Some time later, we received a communique from the LA office. Given all the attention that had been focused on Apple and Chiat/Day for the extraordinary 1984 commercial, the quest was on for an equally powerful follow-up in the next Super Bowl. The LA office was struggling to come up with worthy ideas and they invited the NY office to help. The focus for the new ad would be Apple’s push into business with a combination of hardware and software called the Macintosh Office.
You can imagine how excited we were to get this invitation. Apple. The Super Bowl. The sky was the limit. It was a ticket to stardom for the creative team that came up with the idea.
Of course, creating a sequel to the greatest ad in history is easier said than done. My partner and I struggled to come up with the big idea, and the other creative teams weren’t faring much better.
If you know the story of 1984, you know that the idea struck when the LA creative people were searching for inspiration, pouring through old presentations to see if there might be a spark of an idea. They came across a print ad with the headline, “Why 1984 won’t be like 1984.” That got their attention. The rest is history.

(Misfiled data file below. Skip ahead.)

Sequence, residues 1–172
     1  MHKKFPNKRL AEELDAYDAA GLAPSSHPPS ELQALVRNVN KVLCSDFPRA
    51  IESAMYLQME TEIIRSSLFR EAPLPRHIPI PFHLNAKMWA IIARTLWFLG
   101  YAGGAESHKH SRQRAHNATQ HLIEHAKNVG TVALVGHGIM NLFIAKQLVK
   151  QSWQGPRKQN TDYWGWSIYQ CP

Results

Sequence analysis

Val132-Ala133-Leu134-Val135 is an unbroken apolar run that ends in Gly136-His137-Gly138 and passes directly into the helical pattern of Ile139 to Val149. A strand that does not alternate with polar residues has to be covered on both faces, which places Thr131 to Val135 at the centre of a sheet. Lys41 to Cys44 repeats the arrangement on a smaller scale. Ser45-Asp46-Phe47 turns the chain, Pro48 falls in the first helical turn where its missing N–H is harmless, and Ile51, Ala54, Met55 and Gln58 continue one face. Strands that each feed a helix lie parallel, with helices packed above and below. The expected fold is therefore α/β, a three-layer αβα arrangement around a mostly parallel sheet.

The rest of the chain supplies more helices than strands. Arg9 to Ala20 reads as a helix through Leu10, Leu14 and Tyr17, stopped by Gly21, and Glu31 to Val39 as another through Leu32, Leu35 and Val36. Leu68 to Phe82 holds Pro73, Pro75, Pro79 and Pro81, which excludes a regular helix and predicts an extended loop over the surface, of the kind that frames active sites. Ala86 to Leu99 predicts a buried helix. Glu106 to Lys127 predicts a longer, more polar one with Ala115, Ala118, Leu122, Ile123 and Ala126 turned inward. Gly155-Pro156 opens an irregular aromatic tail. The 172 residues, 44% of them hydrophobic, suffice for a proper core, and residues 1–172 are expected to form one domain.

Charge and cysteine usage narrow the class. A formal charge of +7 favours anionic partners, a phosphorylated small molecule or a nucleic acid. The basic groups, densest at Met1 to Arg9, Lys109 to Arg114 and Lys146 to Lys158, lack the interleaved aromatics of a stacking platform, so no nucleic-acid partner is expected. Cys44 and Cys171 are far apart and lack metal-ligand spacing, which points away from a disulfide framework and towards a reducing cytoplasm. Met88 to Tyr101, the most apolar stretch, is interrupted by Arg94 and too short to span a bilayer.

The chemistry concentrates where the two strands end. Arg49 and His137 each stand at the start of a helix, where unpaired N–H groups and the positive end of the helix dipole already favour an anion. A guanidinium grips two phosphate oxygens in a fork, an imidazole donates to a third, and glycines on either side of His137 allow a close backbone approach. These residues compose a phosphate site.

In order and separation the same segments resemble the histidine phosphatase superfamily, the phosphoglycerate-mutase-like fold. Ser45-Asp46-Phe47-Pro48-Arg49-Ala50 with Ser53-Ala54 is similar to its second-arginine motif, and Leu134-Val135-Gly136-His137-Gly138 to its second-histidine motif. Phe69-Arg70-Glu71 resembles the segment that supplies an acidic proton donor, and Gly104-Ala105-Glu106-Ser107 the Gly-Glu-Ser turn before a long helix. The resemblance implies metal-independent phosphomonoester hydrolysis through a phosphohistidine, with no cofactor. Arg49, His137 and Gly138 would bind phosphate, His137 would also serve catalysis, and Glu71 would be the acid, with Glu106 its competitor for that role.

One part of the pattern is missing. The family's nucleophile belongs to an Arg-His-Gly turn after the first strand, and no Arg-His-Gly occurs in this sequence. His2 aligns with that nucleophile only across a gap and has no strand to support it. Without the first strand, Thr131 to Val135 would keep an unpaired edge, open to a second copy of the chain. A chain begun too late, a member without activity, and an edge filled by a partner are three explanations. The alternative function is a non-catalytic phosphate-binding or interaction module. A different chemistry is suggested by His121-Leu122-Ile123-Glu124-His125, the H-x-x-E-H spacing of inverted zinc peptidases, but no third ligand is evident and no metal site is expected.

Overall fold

Well, a similar thing happened in the NY office in the search for a new Apple Super Bowl idea. Someone had the great idea to look at the work that had been done for GE. And there it was — Lemmings, in all of its glory.
The GE copy was removed. Instead of telling the story of American business being in decline, it would tell the story of American business being stuck in its ways and needing something better. The agency was excited. Steve Jobs was excited. And Lemmings became Apple’s 1985 Super Bowl commercial.
Bear in mind that commercials typically age even worse than computers. Lemmings looks frighteningly horrible by today’s standards. But it was horrible enough even by the standards of the day. It was a disaster strategically, as it insulted the very audience it tried to seduce. Even worse, the product was unavailable immediately following the Super Bowl, so customers had no way to see it. It was a lose-lose situation.
And there you have it. What was arguably the worst high-visibility ad in the history of Apple wasn’t even created for Apple originally. It was a recycled idea lifted from a failed GE advertising pitch.
As the 1985 Super Bowl approached, the British authors of the ad were no doubt thrilled that their idea would follow on the heels of the legendary 1984 commercial. But, like the rest of the world, they were likely mortified by the way it played out.
Tags: apple super bowl